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The Schmooze

Ultra-Orthodox Israeli City Opens First Internet Café

It seems even the Haredi world has conceded to the necessity of the Internet – but don’t expect them to crash servers posting on FaceGlat or uploading wedding videos anytime soon.

Image by ISTOCK

The ultra-Orthodox city of Modiin Illit is getting its very first Internet café after receiving rabbinical approval, Ynet News reports. The venture, called Gilad Net, represents the latest foray of the ultra-Orthodox into the World Wide Web, which has previously been decreed an “abomination” by some Rabbis.

What’s being served at Gilad Net represents only the most “kosher” of the Internet – Rabbinic approval for the venture was dependant on the installation of content-control filters on the café’s computers. Only certain websites, such as Gmail, Ikea, and the pages of government ministries are available for perusal. However, this limited access is more than enough for Gilad Net’s client base, owner Yehuda Weisfish told Ynet. He insists his business is intended for “people who don’t want to bring a computer into their home and don’t need Internet on a daily basis… people who need the Web to access emails, bank accounts, HMOs and government ministries.” Which means that those who want to read the Shmooze will have to go elsewhere.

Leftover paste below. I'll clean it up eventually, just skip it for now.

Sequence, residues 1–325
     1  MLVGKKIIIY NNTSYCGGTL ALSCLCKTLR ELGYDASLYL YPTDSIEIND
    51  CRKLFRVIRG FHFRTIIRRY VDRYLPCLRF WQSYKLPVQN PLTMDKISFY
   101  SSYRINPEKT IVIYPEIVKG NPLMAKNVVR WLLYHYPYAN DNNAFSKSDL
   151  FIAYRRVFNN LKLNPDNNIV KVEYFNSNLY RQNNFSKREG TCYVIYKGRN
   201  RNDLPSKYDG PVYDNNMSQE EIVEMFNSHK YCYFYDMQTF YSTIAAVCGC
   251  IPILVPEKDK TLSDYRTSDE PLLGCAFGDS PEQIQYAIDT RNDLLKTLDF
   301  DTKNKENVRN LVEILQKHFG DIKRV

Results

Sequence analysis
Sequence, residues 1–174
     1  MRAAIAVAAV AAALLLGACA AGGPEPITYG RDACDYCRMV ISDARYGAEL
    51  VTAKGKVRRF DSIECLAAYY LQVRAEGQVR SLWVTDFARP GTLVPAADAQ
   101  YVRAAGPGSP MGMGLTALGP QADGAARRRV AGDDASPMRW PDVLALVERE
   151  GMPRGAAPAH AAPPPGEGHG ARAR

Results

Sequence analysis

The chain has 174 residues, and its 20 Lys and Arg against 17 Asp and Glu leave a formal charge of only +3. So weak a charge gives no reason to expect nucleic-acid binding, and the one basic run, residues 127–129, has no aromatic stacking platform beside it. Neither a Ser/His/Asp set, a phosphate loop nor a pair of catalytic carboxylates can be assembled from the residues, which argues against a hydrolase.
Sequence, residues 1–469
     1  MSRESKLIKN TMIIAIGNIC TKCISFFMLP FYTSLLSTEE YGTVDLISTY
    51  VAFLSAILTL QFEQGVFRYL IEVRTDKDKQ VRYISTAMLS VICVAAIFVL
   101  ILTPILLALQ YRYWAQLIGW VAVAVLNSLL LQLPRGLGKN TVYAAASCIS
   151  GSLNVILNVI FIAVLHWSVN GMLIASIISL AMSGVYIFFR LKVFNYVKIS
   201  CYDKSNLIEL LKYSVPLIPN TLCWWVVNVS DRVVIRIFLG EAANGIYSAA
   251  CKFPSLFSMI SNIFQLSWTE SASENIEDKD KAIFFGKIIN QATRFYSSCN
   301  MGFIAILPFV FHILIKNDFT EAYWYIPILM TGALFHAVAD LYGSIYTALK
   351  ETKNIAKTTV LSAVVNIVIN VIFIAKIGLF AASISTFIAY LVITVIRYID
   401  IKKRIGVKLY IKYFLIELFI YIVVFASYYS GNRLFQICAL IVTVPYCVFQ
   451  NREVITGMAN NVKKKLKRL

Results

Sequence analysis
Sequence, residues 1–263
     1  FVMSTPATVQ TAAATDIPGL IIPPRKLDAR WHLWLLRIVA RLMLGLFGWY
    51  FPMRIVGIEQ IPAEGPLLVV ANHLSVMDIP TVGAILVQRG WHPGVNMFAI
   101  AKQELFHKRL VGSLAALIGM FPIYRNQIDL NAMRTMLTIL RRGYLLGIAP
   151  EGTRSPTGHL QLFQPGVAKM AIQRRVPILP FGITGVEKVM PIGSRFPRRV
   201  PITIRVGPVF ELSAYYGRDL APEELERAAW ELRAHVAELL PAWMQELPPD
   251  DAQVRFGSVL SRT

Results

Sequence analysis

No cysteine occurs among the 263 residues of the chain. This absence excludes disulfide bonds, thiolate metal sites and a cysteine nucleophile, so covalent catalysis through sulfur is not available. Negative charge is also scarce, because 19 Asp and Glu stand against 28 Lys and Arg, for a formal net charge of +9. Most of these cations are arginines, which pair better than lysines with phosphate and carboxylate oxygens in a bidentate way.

In addition to the content filters, Gilad Net has another way of weeding out undesirable communication – male and female computer users are separated. Weisfish told Ynet that “the store was initially intended for men only,” but they “have already opened a room for women too,” and intend to “look into the profitability of this move”.

However, male and female customers probably won’t be staying long enough to stop and chat. Users will be charged 5 shekels (about $1.45) per 15 minutes, but because the filtering system only approves what Weisfish deems “necessary websites.” “So far we’ve been successful and have already had more than 100 visitors,” Weisfish told Ynet.

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